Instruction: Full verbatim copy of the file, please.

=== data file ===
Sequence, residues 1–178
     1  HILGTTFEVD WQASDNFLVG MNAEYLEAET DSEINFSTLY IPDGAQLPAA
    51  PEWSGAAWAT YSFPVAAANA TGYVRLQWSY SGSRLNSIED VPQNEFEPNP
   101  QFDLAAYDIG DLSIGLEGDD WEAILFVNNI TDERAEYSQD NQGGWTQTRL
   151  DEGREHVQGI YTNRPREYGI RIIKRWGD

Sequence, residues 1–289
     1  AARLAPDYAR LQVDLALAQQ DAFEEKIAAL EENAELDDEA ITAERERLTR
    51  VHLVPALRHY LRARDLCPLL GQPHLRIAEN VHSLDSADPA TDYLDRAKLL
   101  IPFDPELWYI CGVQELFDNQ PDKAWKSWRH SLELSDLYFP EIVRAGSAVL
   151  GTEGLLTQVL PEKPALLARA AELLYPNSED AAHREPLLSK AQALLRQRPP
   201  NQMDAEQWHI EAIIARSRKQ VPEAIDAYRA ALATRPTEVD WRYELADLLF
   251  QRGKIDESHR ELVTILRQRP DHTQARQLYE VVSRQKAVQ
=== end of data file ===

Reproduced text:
Sequence, residues 1–178
     1  HILGTTFEVD WQASDNFLVG MNAEYLEAET DSEINFSTLY IPDGAQLPAA
    51  PEWSGAAWAT YSFPVAAANA TGYVRLQWSY SGSRLNSIED VPQNEFEPNP
   101  QFDLAAYDIG DLSIGLEGDD WEAILFVNNI TDERAEYSQD NQGGWTQTRL
   151  DEGREHVQGI YTNRPREYGI RIIKRWGD

Sequence, residues 1–289
     1  AARLAPDYAR LQVDLALAQQ DAFEEKIAAL EENAELDDEA ITAERERLTR
    51  VHLVPALRHY LRARDLCPLL GQPHLRIAEN VHSLDSADPA TDYLDRAKLL
   101  IPFDPELWYI CGVQELFDNQ PDKAWKSWRH SLELSDLYFP EIVRAGSAVL
   151  GTEGLLTQVL PEKPALLARA AELLYPNSED AAHREPLLSK AQALLRQRPP
   201  NQMDAEQWHI EAIIARSRKQ VPEAIDAYRA ALATRPTEVD WRYELADLLF
   251  QRGKIDESHR ELVTILRQRP DHTQARQLYE VVSRQKAVQ